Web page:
WASHINGTON (AP) -- Lawmakers representing thousands of workers at tire manufacturing plants in Illinois and Iowa said that Chinese-made imports have been sharply undersold here, threatening domestic manufacturers of off-the-road tires.
"I don't know how much more we can take," Rep. Don Manzullo, R-Ill., said Tuesday of Midwest communities such as Freeport, Ill., with its Titan Tire Corp. plant. "We continue to lose one industry after another after another."
Lawmakers, organized labor and corporate executives told the U.S. International Trade Commission that the Chinese government's actions result in Chinese tires underselling U.S. products by as much as 50 percent.
They want the commission to recommend that President Bush provide relief, possibly by imposing duties or import quotas on the Chinese.
"American producers are facing a double hit as Chinese companies are dramatically increasing exports to the U.S. while benefiting from both government subsidies and dumped products significantly below production costs," said Rep. Leonard Boswell, D-Iowa.
Dumping is defined as a foreign producer selling a product in the United States at a price below that producer's sales price in their own home market, or at a price that is lower than the cost of production.
Executives for the American tire companies say the Chinese dumping comes at a particularly bad time because the U.S. agriculture sector has boomed in recent years and the demand for specialty tires has gone up significantly.
Among the facilities affected are the Titan plant in Freeport, as well as Bridgestone Firestone North American Tire plants in Bloomington, Ill., and Des Moines, Iowa. In Illinois alone, the companies have about 3,700 employees.
Those opposing a tough stance with China were scheduled to testify Wednesday before the commission -- a nonpartisan, independent federal agency -- which was not expected to reach any conclusions for Bush to consider before August.
The Commerce Department in February imposed duties on Chinese-made, off-the-road tires -- the kind commonly used in agriculture and mining -- after its own preliminary finding that China subsidized the illegal dumping of tires.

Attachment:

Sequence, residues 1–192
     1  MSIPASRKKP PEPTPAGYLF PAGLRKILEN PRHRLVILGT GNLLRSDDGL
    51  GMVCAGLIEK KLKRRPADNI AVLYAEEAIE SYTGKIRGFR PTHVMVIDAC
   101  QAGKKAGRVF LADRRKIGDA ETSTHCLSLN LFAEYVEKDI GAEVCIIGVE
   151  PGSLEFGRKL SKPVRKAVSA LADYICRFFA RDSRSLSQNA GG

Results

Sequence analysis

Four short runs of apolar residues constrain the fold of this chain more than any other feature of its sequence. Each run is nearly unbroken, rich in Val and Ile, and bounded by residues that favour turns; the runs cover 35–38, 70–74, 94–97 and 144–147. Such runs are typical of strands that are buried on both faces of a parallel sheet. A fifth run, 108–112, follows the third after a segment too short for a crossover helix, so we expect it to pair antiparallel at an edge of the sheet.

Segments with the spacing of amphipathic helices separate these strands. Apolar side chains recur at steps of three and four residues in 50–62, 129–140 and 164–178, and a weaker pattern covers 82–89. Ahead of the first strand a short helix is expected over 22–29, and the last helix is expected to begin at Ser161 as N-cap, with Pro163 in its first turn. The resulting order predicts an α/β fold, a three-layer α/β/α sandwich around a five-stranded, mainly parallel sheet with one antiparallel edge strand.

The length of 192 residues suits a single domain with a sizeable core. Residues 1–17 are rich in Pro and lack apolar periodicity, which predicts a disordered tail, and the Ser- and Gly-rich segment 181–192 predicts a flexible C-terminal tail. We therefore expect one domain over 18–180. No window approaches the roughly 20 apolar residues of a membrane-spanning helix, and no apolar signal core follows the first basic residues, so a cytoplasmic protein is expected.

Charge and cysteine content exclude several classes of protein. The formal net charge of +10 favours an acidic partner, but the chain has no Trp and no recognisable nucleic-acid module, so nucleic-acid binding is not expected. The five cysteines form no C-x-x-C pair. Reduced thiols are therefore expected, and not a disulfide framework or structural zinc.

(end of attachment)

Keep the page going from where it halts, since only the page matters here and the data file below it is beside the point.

The monthly average of Chinese tire imports has declined in the months since, along with an increase in U.S. production and employment in the specialty tire industry, according to testimony before the commission.
"We're seeing things start to turn around. Customers we had not heard from in a while are calling and placing orders," said Maurice M. Taylor Jr., chairman and chief executive of Titan International Inc., the parent of Titan Tire. "In the first quarter of 2008, our corporate-wide net margins were about 3 percent, compared to the net loss we suffered in 2007."
But Kenneth Allen, vice president of Firestone Agricultural Tire, a division of Bridgestone Firestone, said if the relief period is short-lived the company will have to consider outsourcing because it can not make tires for a price that would compete with those previously offered by the Chinese.
"The Chinese producers penetrated our market by targeting the highest volume tires that were our bread and butter," he said. "They did not penetrate the market by offering new and better tire designs. Instead, they offered comparable tires that undersold our tires by 30 (percent) to 50 percent."
Critics of the Chinese say imports of tires from China increased to 3.2 million from 1.8 million tires between 2004 and 2007, with the value jumping to $324 million from $114 million.
Sen. Dick Durbin, the leader of Illinois' congressional delegation and the Senate's second-ranking Democrat, said he supported efforts to "restore balance" to the tire trade.
"I believe that American companies and their workers can compete with anyone if granted a level playing field," he said.